Narach Philosophy

HOW TO UNDERSTAND THE TEXT (PART-2)


We must not make any alteration in the language of the text; and if a word has a bearing on the idea of action, we should accept its meaning without changing its form. When we change the form of a word, the meaning may appear to be unusual; but we will not err, because certain technical terms have been used to guide us.

The real meaning of a word is often very different from its common one, and we can understand it by dividing it into parts, or by referring it to its origin or root. In case of doubt, we may take its common meaning, though it may not be its Vedic sense, for the latter is usually obtained by dividing it into parts. There is nothing irregular in this method of division, for the whole word remains intact, and at the same time we are able to get the correct meaning of the text. However, roots of words should not be divided into parts; and the roots and parts of the same word should, as far as possible, not be mixed together.

How to divide a word into parts: When we divide a word into parts, we may commence with the first part and go on step by step to the last, or we may begin with the last and go back step by step to the first, as suits us best; and when the plan of the most important part has been fixed, the rest will be found to fit into the whole scheme. This applies to single words as well as to compounds.

Miscellaneous rules: This method of interpretation is not governed by any hard and fast rules but there are certain directions to guide us, and they may be summed up as follows:

When to divide a word into parts: It is not necessary to divide all words into parts to understand their meaning. We should do so when the text, does not make sense otherwise.

Effect of division into parts: When the form of a word is changed in this manner, it becomes an entirely new word, with no connection with its original form.

Uniformity of meaning: The same word should have the same meaning throughout; and the meaning of a fundamental word cannot be obtained from some other word.

Selection of meaning: If a word can be interpreted in two ways, which are equally balanced, we should divide it into parts only if it serves some special purpose. We should select the meaning that suits the context best, and has a bearing on the idea of action or a law of life.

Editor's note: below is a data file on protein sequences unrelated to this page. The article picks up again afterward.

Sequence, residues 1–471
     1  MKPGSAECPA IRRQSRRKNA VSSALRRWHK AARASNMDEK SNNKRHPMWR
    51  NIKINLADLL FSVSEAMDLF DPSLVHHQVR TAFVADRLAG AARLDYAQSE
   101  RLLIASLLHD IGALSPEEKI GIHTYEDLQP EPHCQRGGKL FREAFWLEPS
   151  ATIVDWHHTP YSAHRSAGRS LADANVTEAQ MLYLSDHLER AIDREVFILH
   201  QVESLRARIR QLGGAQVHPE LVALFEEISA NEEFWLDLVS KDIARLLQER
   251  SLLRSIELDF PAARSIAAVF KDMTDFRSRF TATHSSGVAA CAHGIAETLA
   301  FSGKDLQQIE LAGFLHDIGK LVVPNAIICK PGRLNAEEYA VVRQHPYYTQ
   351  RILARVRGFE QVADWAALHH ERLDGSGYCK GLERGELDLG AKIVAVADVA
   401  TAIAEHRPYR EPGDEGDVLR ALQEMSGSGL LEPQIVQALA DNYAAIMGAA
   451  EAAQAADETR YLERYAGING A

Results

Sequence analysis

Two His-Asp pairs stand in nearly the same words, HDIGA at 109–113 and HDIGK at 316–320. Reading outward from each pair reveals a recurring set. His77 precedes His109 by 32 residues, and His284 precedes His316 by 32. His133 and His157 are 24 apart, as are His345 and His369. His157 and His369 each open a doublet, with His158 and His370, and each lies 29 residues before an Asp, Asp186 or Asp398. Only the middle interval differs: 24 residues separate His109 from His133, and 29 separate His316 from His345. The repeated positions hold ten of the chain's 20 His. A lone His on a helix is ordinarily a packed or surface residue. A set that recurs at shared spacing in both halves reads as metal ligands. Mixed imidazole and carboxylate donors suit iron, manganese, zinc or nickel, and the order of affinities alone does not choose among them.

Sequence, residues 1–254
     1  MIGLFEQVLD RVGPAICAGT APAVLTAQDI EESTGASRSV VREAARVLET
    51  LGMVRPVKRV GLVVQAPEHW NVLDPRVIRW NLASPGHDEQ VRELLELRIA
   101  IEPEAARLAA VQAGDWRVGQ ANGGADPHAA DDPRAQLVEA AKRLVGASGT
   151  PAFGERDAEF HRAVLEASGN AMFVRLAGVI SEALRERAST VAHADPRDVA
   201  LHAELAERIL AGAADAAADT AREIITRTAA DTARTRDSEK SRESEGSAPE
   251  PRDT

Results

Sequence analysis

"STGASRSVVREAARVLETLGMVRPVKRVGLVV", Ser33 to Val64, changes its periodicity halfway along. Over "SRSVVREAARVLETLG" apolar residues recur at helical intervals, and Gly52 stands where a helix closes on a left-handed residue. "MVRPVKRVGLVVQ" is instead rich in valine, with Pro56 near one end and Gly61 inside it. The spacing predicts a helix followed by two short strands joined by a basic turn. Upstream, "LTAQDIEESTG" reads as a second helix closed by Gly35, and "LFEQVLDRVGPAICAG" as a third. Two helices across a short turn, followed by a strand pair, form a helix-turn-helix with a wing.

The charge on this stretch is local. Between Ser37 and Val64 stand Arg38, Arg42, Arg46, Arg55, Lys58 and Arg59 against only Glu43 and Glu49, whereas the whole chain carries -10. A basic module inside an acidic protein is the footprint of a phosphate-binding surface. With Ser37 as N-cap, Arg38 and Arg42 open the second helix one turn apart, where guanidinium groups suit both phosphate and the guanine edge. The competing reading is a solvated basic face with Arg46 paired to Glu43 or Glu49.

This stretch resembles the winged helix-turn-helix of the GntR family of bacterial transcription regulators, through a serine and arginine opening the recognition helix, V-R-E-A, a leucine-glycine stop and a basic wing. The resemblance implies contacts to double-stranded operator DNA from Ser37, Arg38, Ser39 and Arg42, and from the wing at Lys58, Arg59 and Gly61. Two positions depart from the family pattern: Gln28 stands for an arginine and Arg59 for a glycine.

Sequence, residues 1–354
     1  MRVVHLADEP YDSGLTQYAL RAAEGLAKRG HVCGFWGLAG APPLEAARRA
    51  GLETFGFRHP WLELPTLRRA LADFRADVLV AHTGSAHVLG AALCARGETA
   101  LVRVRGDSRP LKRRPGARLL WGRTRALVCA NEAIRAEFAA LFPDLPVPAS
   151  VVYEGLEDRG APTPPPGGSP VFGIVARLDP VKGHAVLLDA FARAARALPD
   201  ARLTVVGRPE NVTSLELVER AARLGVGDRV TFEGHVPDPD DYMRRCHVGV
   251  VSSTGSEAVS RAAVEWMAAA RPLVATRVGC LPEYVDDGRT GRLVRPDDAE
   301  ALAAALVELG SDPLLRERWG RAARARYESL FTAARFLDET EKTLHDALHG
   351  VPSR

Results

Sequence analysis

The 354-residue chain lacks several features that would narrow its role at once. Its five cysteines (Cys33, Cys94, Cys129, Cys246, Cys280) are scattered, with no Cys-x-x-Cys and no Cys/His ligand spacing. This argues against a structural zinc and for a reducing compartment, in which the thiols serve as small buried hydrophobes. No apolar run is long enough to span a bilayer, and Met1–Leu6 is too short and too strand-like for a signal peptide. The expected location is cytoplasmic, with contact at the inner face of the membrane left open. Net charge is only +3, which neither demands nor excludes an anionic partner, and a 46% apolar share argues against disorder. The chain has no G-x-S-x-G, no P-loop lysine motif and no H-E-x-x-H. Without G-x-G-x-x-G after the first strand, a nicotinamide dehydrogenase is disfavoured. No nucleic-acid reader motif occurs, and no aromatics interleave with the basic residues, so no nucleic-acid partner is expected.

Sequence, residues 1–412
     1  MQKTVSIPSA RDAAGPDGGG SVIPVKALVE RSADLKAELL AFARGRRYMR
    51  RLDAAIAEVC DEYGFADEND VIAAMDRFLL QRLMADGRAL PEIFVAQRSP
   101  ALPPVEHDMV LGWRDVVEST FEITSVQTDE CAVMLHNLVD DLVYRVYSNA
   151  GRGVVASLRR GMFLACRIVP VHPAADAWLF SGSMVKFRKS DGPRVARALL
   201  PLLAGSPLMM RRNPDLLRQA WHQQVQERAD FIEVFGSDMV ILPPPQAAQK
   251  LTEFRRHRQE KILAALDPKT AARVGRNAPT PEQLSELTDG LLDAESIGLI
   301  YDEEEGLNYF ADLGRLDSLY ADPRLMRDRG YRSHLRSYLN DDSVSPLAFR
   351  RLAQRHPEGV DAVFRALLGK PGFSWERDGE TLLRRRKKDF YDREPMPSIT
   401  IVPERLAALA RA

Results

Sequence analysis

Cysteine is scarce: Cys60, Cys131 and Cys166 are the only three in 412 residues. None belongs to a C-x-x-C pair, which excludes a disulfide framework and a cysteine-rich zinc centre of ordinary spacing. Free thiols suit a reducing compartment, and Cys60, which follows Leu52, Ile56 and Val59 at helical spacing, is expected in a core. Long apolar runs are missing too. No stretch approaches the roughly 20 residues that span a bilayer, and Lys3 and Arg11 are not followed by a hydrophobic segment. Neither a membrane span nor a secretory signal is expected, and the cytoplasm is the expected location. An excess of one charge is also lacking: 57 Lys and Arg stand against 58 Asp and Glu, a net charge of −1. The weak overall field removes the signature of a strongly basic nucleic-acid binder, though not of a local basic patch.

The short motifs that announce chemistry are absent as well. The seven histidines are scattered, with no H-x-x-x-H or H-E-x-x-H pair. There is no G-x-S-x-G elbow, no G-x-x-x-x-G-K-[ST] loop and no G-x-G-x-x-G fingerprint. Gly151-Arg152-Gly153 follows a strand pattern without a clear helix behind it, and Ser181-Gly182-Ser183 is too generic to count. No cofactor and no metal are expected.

Words connoting action: The form of words connoting action should, as far as possible, not be changed.

Cause and effect: If there is mention of a result, we should see that we get a reference to its cause as well.

Fitness of meaning: When we get a new meaning of a word by dividing it into parts, it should fit into the whole context, and not stand in isolation by itself.

Authority of the Sruti: The meaning of the entire text should be in accordance with the teachings of the sruti, and that will convince us of its correctness. We shall find that the description of ideas and objects is so accurate, that they appear to be like living creatures.

No arbitrary meaning: We cannot give any meaning we like to a word, for there is often a good reason for the meaning that is assigned to it. We should bear in mind that each action is meant to secure an object, and requires that necessary means should be provided for the purpose. There must also be a sequence of cause and effect. We must bear all this in mind when we attempt to find out the meaning of an obscure word by reducing it to its rudimentary form. Indeed, the meaning can be regarded as properly fixed only when it yields a proper result; and, in any case, it must arise from the word itself, with all its parts intact.

The idea of God: We can understand the idea of a large number of gods by dividing their names into parts. The planets too are a kind of gods. There are also a large number of other names the real meaning of which can be obtained in the same manner.

Confirmation of meaning: When we divide a word into parts, the meaning should be obtained from the parts of the word itself; and there should be a confirmation of it as we proceed with the text.

Rules of grammar: We should divide words into parts in strict accordance with the rules of grammar, and follow the best grammarians. We should bear in mind that there is unity of idea underlying the whole text; and we must not omit any part. In case of doubt we should consult competent teachers, though there may be a difference of opinion among them too.

Result of bad arrangement: If words or their parts are badly arranged, we cannot get the correct meaning.

New expressions: If an expression has never before been used, its form should not be changed, unless there are directions in the text itself requiring us to do so.